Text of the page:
Figure 1 shows micrographs of typical F-actin and microtubule networks labeled using fluorescent tags. To study the properties of these meshes, a type of passive microrheology is employed. Tracer particles are seeded into the in vitro cytoskeletal networks, whose mesh size is a much smaller than the bead diameter. The diffusive motion of the tracers is recorded via video microscopy at 16 frames per second with a bead-position resolution below 20nm. Several minutes of data are collected and then processed offline. Following previous formalism, the ensemble average of the autocorrelated movement tracers may be used to calculate the viscoelastic modulus <math>G*(\omega)</math>, shown in Figure 1. The microtubule networks are seen to cross over from a more viscous to more elastic regime at a frequency of <math>~10^{-2} rad/s</math>, whereas the F-actin and composite networks generally have more of a viscous character throughout the frequency rage probed. There are, however, steep drop-offs in the storage (elastic) modulus of all these networks in the range 0.1 to 1 rad/s. This method of retrieving <math>G*(\omega)</math> via the autocorrelation of tracer movement is called 1-Particle (1P) microrheology. Naturally, this method can only return information relating to the physical properties in the immediate vicinity of the tracer particles. In order to probe the effects of the finite mesh-size, the authors go on to use a more sophisticated variant of this technique called 2-Particle microrheology. Instead of autocorrelating the movement of individual beads, the same physical properties may be obtained by cross-correlating the movement of pairs of tracers within the network. In contrast with the 1P case, one would expect this to yield information about the mesh that separates the beads.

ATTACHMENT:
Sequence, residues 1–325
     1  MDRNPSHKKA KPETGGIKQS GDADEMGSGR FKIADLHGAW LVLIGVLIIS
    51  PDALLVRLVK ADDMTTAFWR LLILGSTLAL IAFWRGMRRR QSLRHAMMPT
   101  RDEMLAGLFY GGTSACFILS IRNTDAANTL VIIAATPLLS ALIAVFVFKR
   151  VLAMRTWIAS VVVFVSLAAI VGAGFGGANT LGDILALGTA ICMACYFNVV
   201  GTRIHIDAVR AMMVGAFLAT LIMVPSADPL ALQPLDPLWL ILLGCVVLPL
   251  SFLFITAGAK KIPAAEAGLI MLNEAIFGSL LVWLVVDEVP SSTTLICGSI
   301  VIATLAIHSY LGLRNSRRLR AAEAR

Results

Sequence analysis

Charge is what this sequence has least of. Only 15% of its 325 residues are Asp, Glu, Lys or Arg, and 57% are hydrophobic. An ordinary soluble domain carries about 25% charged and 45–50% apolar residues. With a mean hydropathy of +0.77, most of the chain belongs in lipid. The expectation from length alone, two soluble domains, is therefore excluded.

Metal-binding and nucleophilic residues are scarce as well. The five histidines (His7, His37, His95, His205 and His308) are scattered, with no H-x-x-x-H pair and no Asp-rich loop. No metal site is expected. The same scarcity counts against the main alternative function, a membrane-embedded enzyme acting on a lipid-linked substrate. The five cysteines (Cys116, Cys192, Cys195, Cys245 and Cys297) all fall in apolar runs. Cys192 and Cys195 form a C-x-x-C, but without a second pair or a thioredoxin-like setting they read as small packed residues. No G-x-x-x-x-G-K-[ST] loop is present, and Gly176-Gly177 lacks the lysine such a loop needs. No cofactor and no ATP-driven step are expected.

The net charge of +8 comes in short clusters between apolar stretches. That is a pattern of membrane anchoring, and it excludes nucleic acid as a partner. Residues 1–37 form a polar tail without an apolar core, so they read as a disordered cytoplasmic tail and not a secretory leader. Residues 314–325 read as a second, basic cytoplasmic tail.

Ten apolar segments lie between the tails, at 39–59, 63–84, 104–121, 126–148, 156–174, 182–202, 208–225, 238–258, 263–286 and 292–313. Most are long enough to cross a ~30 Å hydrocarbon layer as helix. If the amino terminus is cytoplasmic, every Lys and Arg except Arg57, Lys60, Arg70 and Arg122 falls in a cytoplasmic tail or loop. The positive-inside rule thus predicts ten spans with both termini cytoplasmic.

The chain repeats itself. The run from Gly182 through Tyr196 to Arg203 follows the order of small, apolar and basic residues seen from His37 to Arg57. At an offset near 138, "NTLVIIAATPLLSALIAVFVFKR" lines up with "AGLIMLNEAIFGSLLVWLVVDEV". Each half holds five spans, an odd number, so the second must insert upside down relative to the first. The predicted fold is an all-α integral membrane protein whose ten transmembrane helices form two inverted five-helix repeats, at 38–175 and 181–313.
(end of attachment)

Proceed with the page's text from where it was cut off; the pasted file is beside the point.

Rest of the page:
Figure 3

The authors observe a significant difference between <math>G*(\omega)</math> as reported by the 2P technique compared to bulk measurements. This suggests that the finite size of the mesh does have and effect on the mechanical properties of the networks on a microscale. More insight can be gained into the 2P data by comparing it with the expected <math>1/r</math> scaling of the cross-correlation <math>D_{rr}</math>. At small distances in microtubule networks, <math>D_{rr}</math> decays faster than 1/r. The authors explore the possibilty that this is due to a propagating mode on the network but point out that the scaling of the cross over point between fast and <math>1/r</math> is not consistent with this.